The last time we had that discussion with TRANG, I think she clearly mentioned that the "grace" period was a flexible thing that corpus maintainers may adapt if they see it fit.

For example, my personal grace period for inactive users (that you can guess from their profile activity, or by habit) is 0 seconds. For active users, I respect the two weeks period.

From my personal opinion, I think two weeks is one of the best choice. For example, if I'm busy at work during the week, and I have something planned in the weekend, I cannot open Tatoeba for ten days or so. But two weeks mean two weekends so I would probably have time to read my Tatoebian emails. One week would leave me too little.

PaulP PaulP October 21, 2019 October 21, 2019 at 4:12:35 PM UTC link Permalink

> when you're looking at a list of sentences with, say, the "@change" tag, it is impossible to see the dates not only when the tags were left, but when the last comment (if any) was left on the sentence.

I see no problem. I make the list as follows:

And I start correcting them one by one until I reach a sentence where the last comment is left less than 14 days ago.

Gulo_Luscus Gulo_Luscus October 21, 2019 October 21, 2019 at 7:01:35 PM UTC link Permalink

Since I became a Corpus Maintainer in 2013, I have left hundreds of comments on Turkish members' sentences to show the mistakes. And many of them came here after months (sometimes years) of inactivity and corrected their sentences. That is why I strictly respect the 2-week grace period. However, there were some Turkish members who let me change their sentences without waiting for 2 weeks in case they were not around.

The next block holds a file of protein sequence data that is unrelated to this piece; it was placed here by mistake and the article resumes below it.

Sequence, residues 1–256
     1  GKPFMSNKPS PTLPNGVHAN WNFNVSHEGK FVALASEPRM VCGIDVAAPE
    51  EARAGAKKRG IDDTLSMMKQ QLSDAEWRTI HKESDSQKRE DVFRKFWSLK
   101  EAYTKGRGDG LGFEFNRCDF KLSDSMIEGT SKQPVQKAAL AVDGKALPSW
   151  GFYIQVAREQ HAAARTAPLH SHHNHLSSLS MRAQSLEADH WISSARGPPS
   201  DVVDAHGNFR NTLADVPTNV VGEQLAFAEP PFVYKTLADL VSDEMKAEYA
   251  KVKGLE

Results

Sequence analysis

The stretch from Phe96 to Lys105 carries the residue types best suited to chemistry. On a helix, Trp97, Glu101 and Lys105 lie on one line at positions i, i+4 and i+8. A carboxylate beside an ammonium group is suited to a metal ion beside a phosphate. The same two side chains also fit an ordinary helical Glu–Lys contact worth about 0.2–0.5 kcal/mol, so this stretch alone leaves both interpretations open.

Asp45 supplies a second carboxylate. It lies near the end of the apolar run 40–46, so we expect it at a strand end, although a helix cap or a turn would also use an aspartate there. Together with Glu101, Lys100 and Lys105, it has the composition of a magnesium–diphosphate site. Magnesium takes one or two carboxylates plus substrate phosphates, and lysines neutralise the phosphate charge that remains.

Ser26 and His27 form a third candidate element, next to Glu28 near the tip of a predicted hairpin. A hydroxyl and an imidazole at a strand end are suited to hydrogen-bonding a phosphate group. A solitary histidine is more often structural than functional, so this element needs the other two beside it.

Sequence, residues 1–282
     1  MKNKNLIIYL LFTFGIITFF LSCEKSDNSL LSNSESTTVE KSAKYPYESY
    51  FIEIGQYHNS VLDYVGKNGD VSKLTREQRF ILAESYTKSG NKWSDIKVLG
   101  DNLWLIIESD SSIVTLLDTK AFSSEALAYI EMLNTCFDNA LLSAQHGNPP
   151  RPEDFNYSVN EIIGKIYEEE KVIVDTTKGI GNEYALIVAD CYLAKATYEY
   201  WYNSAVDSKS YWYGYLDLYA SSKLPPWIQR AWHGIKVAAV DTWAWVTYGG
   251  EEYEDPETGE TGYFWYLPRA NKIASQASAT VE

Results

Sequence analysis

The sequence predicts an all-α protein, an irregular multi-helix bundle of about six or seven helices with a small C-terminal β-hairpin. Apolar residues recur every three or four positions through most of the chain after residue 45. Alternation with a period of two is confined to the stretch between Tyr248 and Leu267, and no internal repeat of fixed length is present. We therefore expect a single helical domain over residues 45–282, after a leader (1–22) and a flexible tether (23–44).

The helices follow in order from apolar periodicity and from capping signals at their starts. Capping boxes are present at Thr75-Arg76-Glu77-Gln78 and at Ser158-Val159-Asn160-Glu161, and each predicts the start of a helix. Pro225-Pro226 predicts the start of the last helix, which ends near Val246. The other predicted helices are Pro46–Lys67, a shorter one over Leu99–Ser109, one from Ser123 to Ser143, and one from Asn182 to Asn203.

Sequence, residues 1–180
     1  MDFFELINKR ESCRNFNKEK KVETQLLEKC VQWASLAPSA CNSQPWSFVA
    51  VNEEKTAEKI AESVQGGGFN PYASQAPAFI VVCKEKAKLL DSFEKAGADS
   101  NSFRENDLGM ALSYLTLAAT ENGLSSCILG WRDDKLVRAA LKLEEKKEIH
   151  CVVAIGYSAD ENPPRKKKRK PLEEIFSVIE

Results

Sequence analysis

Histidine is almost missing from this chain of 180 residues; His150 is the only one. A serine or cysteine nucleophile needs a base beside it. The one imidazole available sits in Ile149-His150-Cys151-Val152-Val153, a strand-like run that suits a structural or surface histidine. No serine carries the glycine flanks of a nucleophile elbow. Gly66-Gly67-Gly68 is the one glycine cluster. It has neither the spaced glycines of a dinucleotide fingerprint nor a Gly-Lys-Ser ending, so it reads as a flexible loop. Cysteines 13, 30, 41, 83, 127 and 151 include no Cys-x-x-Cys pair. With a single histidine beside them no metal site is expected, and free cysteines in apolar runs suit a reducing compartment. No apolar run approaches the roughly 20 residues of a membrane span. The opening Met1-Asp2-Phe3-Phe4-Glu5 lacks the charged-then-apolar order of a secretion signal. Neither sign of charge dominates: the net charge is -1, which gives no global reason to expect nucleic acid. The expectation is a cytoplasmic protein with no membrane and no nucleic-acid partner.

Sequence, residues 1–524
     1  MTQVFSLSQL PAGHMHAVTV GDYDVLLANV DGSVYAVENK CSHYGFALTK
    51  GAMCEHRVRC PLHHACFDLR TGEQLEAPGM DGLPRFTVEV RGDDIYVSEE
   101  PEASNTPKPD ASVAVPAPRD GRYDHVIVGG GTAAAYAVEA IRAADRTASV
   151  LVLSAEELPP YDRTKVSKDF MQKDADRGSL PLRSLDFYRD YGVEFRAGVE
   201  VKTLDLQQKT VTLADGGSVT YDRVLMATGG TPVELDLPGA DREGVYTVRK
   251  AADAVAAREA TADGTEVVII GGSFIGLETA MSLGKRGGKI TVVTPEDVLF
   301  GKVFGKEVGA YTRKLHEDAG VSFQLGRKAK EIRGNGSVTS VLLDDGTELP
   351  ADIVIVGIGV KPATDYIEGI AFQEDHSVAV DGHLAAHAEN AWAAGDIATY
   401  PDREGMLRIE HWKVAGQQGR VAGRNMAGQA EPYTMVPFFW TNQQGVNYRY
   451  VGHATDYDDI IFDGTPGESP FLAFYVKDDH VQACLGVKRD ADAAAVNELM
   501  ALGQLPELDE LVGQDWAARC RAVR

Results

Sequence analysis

I do believe that the minimum 10-day waiting is required as long as the user's account is not inactivated or deleted.

Finally, I literally would not be bothered if someone else modified my sentence after the minimum 10-day grace period.

shekitten shekitten October 22, 2019 October 22, 2019 at 8:39:31 AM UTC link Permalink

I'm OK with the grace period being the way it is. 2 weeks is enough to acknowledge that not everyone can always be at Tatoeba, and also to give mostly-inactive users a chance to notice they have a comment needing their attention.

soliloquist soliloquist October 22, 2019, edited October 22, 2019 October 22, 2019 at 2:08:38 PM UTC, edited October 22, 2019 at 3:42:28 PM UTC link Permalink

I'm not a CM, but here's my opinion.

1- If an incorrect sentence belonged to an active and communicative user, I would just write a comment without tagging.

2- If the owner weren't active, or they didn't respond to comments despite adding new sentences, I would also tag their sentences and wait for two weeks to correct them.

3- After repeating the second step several times, I would send them a PM asking to check the comments left on their sentences. If they didn't answer it either, then I would start correcting their sentences without waiting.

4- If they returned after a long time of inactivity, I would return to step 1.

5- If I become inactive for more than a few months, CMs can correct my sentences without commenting or tagging.

AlanF_US AlanF_US October 26, 2019 October 26, 2019 at 5:50:03 PM UTC link Permalink

Thanks, everyone, for your feedback.